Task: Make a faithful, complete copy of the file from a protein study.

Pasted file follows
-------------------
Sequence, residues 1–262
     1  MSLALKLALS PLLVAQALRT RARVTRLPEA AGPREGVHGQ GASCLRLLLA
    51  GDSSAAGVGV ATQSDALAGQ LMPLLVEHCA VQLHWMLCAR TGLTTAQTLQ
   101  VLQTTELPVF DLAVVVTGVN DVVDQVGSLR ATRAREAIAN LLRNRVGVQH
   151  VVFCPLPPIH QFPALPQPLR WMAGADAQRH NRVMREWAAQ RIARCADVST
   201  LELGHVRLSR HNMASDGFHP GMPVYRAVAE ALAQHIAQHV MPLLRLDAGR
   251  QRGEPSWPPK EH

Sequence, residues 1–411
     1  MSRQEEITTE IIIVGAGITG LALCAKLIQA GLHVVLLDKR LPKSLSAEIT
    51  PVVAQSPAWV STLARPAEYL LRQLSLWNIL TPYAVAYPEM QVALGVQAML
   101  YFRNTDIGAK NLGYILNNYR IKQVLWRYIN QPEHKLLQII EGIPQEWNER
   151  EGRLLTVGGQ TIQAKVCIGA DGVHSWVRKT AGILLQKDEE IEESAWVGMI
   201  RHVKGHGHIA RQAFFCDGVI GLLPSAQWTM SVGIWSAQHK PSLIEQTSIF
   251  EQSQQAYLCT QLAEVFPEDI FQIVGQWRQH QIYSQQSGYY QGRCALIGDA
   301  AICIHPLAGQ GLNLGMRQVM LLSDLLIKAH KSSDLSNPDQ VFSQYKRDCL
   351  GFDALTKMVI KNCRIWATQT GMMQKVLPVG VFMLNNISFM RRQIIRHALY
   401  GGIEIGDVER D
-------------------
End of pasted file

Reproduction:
Sequence, residues 1–262
     1  MSLALKLALS PLLVAQALRT RARVTRLPEA AGPREGVHGQ GASCLRLLLA
    51  GDSSAAGVGV ATQSDALAGQ LMPLLVEHCA VQLHWMLCAR TGLTTAQTLQ
   101  VLQTTELPVF DLAVVVTGVN DVVDQVGSLR ATRAREAIAN LLRNRVGVQH
   151  VVFCPLPPIH QFPALPQPLR WMAGADAQRH NRVMREWAAQ RIARCADVST
   201  LELGHVRLSR HNMASDGFHP GMPVYRAVAE ALAQHIAQHV MPLLRLDAGR
   251  QRGEPSWPPK EH

Sequence, residues 1–411
     1  MSRQEEITTE IIIVGAGITG LALCAKLIQA GLHVVLLDKR LPKSLSAEIT
    51  PVVAQSPAWV STLARPAEYL LRQLSLWNIL TPYAVAYPEM QVALGVQAML
   101  YFRNTDIGAK NLGYILNNYR IKQVLWRYIN QPEHKLLQII EGIPQEWNER
   151  EGRLLTVGGQ TIQAKVCIGA DGVHSWVRKT AGILLQKDEE IEESAWVGMI
   201  RHVKGHGHIA RQAFFCDGVI GLLPSAQWTM SVGIWSAQHK PSLIEQTSIF
   251  EQSQQAYLCT QLAEVFPEDI FQIVGQWRQH QIYSQQSGYY QGRCALIGDA
   301  AICIHPLAGQ GLNLGMRQVM LLSDLLIKAH KSSDLSNPDQ VFSQYKRDCL
   351  GFDALTKMVI KNCRIWATQT GMMQKVLPVG VFMLNNISFM RRQIIRHALY
   401  GGIEIGDVER D